In almost every situation in which people apply for a U.S. immigration benefit, whether they're avoiding deportation or applying for citizenship, the U.S. government will consider their moral character. Good moral character is especially important in situations where the decision-maker has some discretion; in other words, isn't obligated to grant the immigration benefit without believing that the applicant somehow deserves the favor.
In many situations, however, applicants are required to show "good moral character" as an explicit part of the application. For example, for naturalized U.S. citizenship or cancellation of removal for non-lawful permanent residents, applicants must show that they have had good moral character for a certain period of time, as specified by federal statute.
Good moral character doesn't mean being a saint. It basically means that your behavior measures up to the standards of average citizens living in your community. U.S. Citizenship and Immigration Services (USCIS) and the Department of State (DOS) decide whether an applicant has met the GMC requirement on a case-by-case basis.
U.S. immigration law provides specific guidance as to what isn't "good moral character" at Immigration and Nationality Act Section 101(f), 8 U.S.C. 1101(f).
If you commit certain acts or hold a certain status within the time period that the particular benefit you're seeking requires showing good moral character for, you can be found to automatically lack it, regardless of the underlying circumstances of the event. The acts that bar a good moral character finding include:
In addition, the U.S. government can consider other acts that fall outside of the specific statutory period in assessing good moral character, and may determine that these show that you lack good moral character.
Regardless of the type of application, you will probably be asked to provide evidence of your clean criminal and immigration record, thus hopefully overcoming the bars to good moral character described above.
But if you're dealing with the type of application that explicitly requires proving good moral character, or if you have some minor blot on your record that needs outweighing, you might need to provide more than that. This could include, for example:
The more detail provided in such a statement or letter, the better. In other words, a letter saying that, "My employee Mr. X has good moral character," is far weaker than one saying "My employee Mr. X has been a trusted assistant to the director for 12 years, always available for extra work and able to scrupulously maintain confidential information."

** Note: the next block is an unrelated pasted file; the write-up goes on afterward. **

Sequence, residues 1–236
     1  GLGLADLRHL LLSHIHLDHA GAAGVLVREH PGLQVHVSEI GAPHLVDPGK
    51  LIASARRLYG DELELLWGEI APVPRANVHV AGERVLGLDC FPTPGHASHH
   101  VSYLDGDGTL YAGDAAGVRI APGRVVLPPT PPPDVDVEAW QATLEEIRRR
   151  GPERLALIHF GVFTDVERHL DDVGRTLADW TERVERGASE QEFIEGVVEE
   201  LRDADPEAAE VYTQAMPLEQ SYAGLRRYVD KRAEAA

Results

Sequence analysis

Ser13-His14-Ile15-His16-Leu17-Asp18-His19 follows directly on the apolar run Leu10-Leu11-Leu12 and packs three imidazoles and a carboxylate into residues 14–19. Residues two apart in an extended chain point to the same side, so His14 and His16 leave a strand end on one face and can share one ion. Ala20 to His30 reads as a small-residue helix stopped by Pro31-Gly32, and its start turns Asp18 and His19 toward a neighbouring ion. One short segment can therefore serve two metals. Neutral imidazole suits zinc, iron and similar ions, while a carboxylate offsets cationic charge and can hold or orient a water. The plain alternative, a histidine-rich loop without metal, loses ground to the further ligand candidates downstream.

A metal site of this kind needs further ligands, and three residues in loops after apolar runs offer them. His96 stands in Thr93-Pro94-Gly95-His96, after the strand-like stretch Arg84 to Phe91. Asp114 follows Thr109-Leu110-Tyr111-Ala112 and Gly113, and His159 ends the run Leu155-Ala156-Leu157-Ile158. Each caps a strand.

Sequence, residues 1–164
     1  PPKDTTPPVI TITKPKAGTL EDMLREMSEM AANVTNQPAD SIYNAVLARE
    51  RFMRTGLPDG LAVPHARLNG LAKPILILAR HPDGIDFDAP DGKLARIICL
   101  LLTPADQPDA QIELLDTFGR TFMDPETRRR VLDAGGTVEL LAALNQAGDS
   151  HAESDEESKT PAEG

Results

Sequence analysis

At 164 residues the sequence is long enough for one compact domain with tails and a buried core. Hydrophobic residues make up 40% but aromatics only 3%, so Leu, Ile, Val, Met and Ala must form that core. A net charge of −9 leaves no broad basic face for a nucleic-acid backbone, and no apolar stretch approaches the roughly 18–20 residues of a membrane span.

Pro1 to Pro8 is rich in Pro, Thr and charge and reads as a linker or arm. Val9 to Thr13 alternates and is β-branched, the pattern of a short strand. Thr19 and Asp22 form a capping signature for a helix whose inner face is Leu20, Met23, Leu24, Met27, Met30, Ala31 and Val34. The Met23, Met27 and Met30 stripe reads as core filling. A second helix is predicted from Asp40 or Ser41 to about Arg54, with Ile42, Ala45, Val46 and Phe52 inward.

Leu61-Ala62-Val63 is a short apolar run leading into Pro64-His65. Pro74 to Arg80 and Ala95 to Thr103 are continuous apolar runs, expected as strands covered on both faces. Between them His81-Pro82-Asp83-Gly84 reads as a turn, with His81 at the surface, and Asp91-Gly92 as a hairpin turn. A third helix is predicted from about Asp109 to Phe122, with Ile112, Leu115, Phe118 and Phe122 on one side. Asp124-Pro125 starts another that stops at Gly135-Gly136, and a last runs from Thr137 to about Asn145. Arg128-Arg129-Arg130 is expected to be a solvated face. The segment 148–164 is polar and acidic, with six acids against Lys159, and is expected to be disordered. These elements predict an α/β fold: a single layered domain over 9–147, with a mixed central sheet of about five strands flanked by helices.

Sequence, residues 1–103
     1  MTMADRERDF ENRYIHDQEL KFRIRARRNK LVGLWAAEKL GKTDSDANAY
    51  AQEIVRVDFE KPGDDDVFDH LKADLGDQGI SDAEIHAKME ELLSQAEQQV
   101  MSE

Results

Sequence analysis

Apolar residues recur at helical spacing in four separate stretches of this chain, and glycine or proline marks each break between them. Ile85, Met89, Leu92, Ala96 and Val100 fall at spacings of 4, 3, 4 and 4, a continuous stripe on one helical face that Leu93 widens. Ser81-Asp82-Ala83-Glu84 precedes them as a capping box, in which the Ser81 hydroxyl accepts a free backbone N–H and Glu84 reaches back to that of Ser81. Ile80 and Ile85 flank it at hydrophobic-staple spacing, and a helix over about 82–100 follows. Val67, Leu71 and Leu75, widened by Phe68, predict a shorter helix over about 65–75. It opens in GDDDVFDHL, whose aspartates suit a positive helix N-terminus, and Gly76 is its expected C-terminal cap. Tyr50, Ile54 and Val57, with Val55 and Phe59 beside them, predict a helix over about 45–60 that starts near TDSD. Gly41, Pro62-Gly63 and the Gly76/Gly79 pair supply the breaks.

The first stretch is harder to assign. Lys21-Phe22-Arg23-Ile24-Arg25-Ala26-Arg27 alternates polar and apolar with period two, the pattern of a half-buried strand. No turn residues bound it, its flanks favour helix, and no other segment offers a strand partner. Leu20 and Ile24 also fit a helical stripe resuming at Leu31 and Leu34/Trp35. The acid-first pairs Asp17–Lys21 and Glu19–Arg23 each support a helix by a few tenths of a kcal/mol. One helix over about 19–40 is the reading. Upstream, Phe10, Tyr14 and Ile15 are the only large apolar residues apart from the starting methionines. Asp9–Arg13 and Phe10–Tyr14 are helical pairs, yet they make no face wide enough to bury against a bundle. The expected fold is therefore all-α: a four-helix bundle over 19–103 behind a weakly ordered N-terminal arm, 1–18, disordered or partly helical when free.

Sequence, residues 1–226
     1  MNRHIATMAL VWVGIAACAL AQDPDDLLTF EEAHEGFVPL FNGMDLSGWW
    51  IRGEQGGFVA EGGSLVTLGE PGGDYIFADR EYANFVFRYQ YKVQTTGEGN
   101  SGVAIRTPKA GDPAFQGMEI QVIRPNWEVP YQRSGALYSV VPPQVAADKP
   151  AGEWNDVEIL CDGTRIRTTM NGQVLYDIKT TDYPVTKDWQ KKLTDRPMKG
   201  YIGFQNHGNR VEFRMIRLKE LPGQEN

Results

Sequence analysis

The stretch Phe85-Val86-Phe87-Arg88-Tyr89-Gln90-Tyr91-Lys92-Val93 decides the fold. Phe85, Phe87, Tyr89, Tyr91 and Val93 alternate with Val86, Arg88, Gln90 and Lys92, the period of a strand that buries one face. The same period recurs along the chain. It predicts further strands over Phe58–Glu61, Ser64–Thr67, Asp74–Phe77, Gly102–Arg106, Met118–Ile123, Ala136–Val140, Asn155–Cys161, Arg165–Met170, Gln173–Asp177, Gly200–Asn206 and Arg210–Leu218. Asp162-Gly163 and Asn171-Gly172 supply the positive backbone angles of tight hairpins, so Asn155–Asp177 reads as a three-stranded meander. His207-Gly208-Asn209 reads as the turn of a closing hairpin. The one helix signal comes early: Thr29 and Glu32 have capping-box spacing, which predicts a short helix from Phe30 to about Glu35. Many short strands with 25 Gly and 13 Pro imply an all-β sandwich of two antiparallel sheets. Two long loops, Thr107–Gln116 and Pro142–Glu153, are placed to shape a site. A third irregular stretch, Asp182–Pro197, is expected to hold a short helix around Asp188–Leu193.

In some situations, you might not be specifically required to show good moral character, but it will still be considered before approving your application. For example, your moral character might be considered indirectly, or might be taken into account in an officer's legal discretion.
Applications for an immigrant or nonimmigrant (temporary) visa, for instance, do not specifically require that you show good moral character. But they do require that you have not committed certain acts, like certain crimes, fraud, or immigration violations. These grounds of inadmissibility are thus tied to your good moral character.
In addition, when considering visa applications, the U.S. government can deny admission as a discretionary matter even if you are not technically inadmissible. Also, a history of questionable moral acts might make the officer wonder whether you will comply with the basic terms of the visa you're applying for, as opposed to flouting the law and, say, failing to leave the U.S. when you are supposed to.
If you are denied an immigration benefit as a matter of the government's discretion, it is usually difficult to appeal it. It is therefore important, before you apply for a visa, green card, or other immigration benefit, to know whether the benefit has an explicit or implicit good moral character requirement and what acts might disqualify you from the benefit.
Also be prepared to address any negative issues in your case, even if they do not automatically bar you from the eligibility for the benefit. It is better to present a strong application affirmatively than try to reverse a negative decision against you.